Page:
HOME > Chowhound > U.K./Ireland >

Discussion

Traveling through London in July....where should I avoid?

First time overseas with wife and God help me, FIL and BIL. Looking for advice on what places to avoid while we're in London in early July. We've got adventurous palates, but I hear far too often about people getting stuck in awful places for too much money. Any help would be great.

  1. Click to Upload a photo (10 MB limit)
Delete
  1. Avoid the chain "Garfunkels" at all cost. It wasn't my choice of a place to eat and I ended up spending 15 pounds for a late afternoon lunch that was absolutely dreadful. I ordered the chicken and mushroom pie which was advertised as having a light and flaky crust. Nothing could be further from the truth and the mashed potatoes were inedible. On the half good/half bad end, we went in Super Star Chinese in China town. On the bad side, service was horrible and we were overcharged. On the good side, the spring roll was really good as was the fried rice. The rest of our food was not so good so I'm sure there is much better Chinese food to be found in London. You didn't ask about good meals but we had two or three lunches in the cafes of the museums and those were outstanding.

    1. Also avoid anywhere purporting to be a steakhouse with "Aberdeen" , "Angus", "Scotch" or "Scottish" in the name. Guaranteed to be a tourist trap and totally crap.

      Perhaps a better and more enjoyable way to approach this is look for where you *want* to eat, rather than where to avoid. That's more likely to find you the best of what we have to offer rather than the possibility of the simply mediocre. In which case, a trawl through past threads should throw up plenty of examples. You'll also find that there are local restaurant review sites (such as london-eating) which probably give a wider view than Chowhound (I always check out both whn visiting the capital). You might also want to have a look at Top Table (similar to Open Table in America) which often has discount deals (particularly lunch).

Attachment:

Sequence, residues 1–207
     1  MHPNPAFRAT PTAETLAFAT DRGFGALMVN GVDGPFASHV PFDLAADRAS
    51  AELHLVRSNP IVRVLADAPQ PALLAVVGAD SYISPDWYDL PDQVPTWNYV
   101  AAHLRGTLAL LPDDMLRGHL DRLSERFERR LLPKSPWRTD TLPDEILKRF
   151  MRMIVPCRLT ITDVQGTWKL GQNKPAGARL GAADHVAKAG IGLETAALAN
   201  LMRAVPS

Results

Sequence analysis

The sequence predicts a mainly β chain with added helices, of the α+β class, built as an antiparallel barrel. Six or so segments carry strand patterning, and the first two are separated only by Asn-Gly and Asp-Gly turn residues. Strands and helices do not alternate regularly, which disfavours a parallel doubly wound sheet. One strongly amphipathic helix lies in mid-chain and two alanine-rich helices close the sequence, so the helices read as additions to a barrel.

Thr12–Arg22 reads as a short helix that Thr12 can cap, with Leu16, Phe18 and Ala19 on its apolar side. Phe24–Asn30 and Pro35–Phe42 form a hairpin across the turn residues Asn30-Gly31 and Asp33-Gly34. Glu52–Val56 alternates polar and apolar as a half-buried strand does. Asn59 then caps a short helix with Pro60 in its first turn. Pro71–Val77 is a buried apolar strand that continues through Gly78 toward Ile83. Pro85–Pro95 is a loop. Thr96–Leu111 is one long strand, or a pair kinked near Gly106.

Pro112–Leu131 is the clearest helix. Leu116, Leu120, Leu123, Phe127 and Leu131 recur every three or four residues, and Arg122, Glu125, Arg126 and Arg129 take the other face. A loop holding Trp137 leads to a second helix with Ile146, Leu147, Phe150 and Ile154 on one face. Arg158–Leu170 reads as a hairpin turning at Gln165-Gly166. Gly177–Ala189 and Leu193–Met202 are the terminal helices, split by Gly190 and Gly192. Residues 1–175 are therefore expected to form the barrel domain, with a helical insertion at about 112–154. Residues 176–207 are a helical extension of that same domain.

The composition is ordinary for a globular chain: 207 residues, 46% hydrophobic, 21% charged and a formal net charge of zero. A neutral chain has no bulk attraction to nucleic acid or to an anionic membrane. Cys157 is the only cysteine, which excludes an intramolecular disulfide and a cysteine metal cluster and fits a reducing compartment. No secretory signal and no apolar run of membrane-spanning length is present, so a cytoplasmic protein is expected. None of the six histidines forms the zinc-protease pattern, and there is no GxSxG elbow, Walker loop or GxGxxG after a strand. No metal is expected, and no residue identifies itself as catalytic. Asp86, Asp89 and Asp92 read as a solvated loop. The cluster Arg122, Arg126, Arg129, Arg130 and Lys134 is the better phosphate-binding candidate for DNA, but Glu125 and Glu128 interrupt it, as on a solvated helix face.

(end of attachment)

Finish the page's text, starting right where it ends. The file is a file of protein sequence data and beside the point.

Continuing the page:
A tip worth passing on, as youre a "first timer", is that our menu prices include tax. And, often, a menu will clearly state that a discretionary service charge will be added to the bill (often, in London, at 12.5%). This is the tip! Nothing further is required and, yes, it is discretionary - no-one is going to call the cops if you chose not ask for it to be removed completely is service had not been adequate. If the menu does not mention the service charge then a tip remains discretionary and many of us do not tip at all - if you do decide to tip, 10 - 12.5% is the top limit you want to spend.

      1. If you plan out your days a bit and try to eat at recommended spots nearby, there's no reason you should get stuck by just doing 'chance' meals. Too many people just wander around and then get hungry and walk in to the first place they see.

        I'd suggest also not eating 'Indian' food in Brick Lane. You can do better with all the really good quality Indian food offered in London. Do read the board here as London is full of really great spots to enjoy.

        1. The help is appreciated. Generally, I try to go for the positives, and had been perusing, but I like to know up front some where to run screaming in the other direction from. It saves a little trouble after I end up overwhelmed.

          1. Let us know where your hotel is and what sites you plan to take in - then it's easier to rec places! London is vast.

            1. It is quite simple, avoid 99% of all restaurants and cafes. London does have some fantastic food but it also has an unbelievable amount of overpriced crap. It really pays to do research (here on the board) and follow advice. Random choices, or advice from random sources will nearly always be disapointing.

              This board is good for cheaper food but you will probable need to broaden your research for higher end dining and the new openings.

              1 Reply
              1. re: PhilD

                Completely disagree with this statement. 99% of places in London are simply not crap; maybe a good proportion of places are disappointing if you don't research, but Greater London has far more than 1% of decent restaurants and cafes.

              2. Sorry to have taken a few days to get back. We're staying in Marble Arch in Westminster. I can definitely agree with the avoiding 99% of everything. Works that way here as well. Will probably be avoiding anything beyond moderate, owing to the father in law being along. Would not want to explain a 100 pound dinner to him.

                14 Replies
                1. re: Nocturnalbill

                  £100 dinner? Is that for all 4 of you or each of you?
                  If for all 4 of you, £100 will buy you a starter, main and a couple of drinks in places that aren't what you'd call high-end, I'm afraid.
                  You can eat more cheaply than that and get great food and there are many threads on here about that but London prices, on the whole, may be a shock to a 1st time US visitor.

                  1. re: scooby99

                    That's God's honest truth. My wife and I routinely end up spending as much for our bimonthly night out on the town as I remember spending at Babbo in New York.